The genius of Pinehurst lies in Donald Ross's confounding convex greens. The term "crowned" doesn't do them justice. They swell, ripple and heave, demanding superhuman precision. Our experts illuminate No. 2's four most devious surfaces, which are sure to humble the world's best putters.
We spoke with Bill Coore, the Co-architect of the No. 2 restoration, and Bob Farren, Director of Grounds at Pinehurst to get an insider's view of the four most devilish greens on the property.
The 3rd hole: 389 yard par-4
GO FOR THE GREEN, BUT DON'T GO OVER IT
BOB FARREN: "The green is drivable under the right conditions," says Bob Farren, Pinehurst's director of grounds. "But if you go over, you're in a sandy area, not grass. The left side of the green tilts to the left and down to the bunker, so players must be careful not to spin their approach shots back into that bunker. There's enough slope and pitch on the green to make putting difficult, too. I feel that this and No. 5 are among Ross's greatest greens because they're right next to the house where he lived. He spent so much time there, he gave his full attention to them. When I'm on the course, I envision him on his porch, smoking his cigar and watching golfers putt the third and fifth greens."
BILL COORE: "Off the tee, the hole entices players to get as close as possible," says Bill Coore, co-architect (with partner Ben Crenshaw) of No. 2's restoration. "But it's tough to get up and down from anywhere around that green. Since it cants severely back to front, the worst thing is to hit it over the green. It's spectacularly contoured and crowned to accept a pitch shot."
The 5th hole: 576 yard par-5
LIKE STOPPING A BALL ON THE HOOD OF A CAR
COORE: "I've never seen anything like this green, which is crowned so severely that you can only place the pin in the middle. Remember when some golfer compared hitting the greens at the Stadium Course at TPC Sawgrass to trying to land a ball on the hood of a car? Well, this really is like that, but it's a 1940s car with an elongated hood. I'm not sure there's a green in golf where the usable square footage for hole locations is so small relative to the overall size of the green. I can't imagine that any more than a third or even a fourth of the green is pinnable. It's pure Pinehurst."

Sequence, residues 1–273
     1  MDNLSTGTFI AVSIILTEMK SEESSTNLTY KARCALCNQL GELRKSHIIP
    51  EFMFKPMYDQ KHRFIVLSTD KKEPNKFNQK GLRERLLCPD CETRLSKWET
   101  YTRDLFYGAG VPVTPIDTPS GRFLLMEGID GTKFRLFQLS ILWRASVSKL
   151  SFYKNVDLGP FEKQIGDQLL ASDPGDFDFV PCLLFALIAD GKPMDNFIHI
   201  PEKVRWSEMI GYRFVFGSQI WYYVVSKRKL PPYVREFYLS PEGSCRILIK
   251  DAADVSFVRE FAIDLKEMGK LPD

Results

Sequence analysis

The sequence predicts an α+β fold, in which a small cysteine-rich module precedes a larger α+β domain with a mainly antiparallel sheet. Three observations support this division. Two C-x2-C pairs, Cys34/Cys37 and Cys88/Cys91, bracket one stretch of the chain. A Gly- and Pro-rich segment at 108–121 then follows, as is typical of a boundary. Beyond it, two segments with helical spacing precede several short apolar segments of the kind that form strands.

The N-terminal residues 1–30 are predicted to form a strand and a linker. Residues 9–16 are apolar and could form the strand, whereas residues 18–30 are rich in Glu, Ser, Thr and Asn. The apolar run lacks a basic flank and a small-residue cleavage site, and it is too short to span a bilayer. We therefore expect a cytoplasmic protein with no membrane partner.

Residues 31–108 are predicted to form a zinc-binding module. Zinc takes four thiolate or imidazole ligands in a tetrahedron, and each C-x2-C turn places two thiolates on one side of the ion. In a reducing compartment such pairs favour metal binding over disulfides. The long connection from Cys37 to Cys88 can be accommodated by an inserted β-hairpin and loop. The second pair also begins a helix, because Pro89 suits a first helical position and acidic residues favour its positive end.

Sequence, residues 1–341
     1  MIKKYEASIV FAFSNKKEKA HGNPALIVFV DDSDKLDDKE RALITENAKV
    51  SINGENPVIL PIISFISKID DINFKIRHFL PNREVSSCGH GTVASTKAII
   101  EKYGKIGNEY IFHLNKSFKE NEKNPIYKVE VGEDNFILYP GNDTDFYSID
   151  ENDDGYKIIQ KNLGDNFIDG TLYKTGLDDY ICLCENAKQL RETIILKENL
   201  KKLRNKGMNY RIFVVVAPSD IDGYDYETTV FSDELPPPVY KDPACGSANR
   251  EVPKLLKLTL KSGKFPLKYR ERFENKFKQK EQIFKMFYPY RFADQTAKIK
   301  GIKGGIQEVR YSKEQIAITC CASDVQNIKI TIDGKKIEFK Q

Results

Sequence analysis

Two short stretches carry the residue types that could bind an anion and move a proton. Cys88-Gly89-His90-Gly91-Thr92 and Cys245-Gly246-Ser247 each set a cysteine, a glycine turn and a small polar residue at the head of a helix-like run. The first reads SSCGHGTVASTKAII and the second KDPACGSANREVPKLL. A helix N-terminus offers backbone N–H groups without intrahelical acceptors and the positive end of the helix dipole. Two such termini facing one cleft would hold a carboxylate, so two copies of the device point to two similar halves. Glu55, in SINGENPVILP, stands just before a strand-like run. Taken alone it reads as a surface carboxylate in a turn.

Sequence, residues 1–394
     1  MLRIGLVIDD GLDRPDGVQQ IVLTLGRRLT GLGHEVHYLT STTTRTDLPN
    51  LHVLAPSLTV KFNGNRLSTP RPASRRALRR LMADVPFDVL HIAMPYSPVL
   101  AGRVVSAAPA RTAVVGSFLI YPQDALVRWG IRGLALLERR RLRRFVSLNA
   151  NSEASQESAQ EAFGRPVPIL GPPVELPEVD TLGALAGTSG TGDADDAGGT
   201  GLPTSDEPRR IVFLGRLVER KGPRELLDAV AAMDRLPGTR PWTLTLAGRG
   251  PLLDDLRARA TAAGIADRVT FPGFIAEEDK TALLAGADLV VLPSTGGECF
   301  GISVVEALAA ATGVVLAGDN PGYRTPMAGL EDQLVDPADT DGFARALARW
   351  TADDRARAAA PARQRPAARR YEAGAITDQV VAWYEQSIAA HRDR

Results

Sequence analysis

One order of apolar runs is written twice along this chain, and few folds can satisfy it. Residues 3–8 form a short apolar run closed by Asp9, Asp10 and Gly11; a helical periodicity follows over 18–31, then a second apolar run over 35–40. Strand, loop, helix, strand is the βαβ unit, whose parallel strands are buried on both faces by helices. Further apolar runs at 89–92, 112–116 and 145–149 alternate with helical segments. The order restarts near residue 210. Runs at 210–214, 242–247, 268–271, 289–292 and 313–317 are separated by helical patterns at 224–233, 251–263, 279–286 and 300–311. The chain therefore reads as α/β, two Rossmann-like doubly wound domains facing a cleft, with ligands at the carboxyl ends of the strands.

FARREN: "It's a reachable par 5, or a short-iron third shot, but the entire left side of the hole is a train wreck. The left two-thirds of the green breaks so hard that a lot of balls get putted off it. [USGA executive director and U.S. Open setup major domo] Mike Davis wanted to see this as a par 5 so that they could use great hole locations that were simply too difficult when it was a par 4."
The 14th hole: 473 yard par-4
AVOID THE "MOST PENAL" BUNKER AT ALL COST
FARREN: "Since this is a long par 4, the green isn't as severe as some of the others, but it has enough pitch in it to make every putt and chip interesting. Any ball that winds up above the hole will make for a delicate next shot; getting the speed right will be a challenge. There's plenty of fairway in front of the green, which will give players the freedom to run the ball up onto the putting surface, but if it goes over, it'll roll far away. If they hit the right side of the green, the ball could slide into the greenside bunker—and that bunker is most penal. Relative to the green, it's as deep as just about any bunker on the course."
COORE: "This green is beautifully designed to fit the shot hit to it: deep enough to handle long- or mid-iron approaches but with less undulation." Putts and chips from the left side (above the hole) will require a deft touch.
The 15th hole: 202 yard par-3
STAY BELOW THE HOLE AND NO ONE GETS HURT
FARREN: "This great par 3 has two relatively new hole locations, one about two-thirds of the way back, on a plateau that wasn't there before, and the other one middle-right. That one was brought back into play by moving the green closer to the right greenside bunker. The right side of the green has a lot of pitch to it, and the entire front third has a lot of slope. If you find your ball above the hole, it's bad news."
COORE: "We expanded the green back to where it had been years ago, to accommodate some pin placements that had been lost. The pros will see a right-side pin closer to the greenside bunker that wasn't there in '99 and '05, when hole locations had been mostly in the middle of the green." Players will see a plateau that wasn't there in '99 and '05. A new pin location is expected to bring the right bunker into play. Putts from here will need to be hit firmly up the steep slope.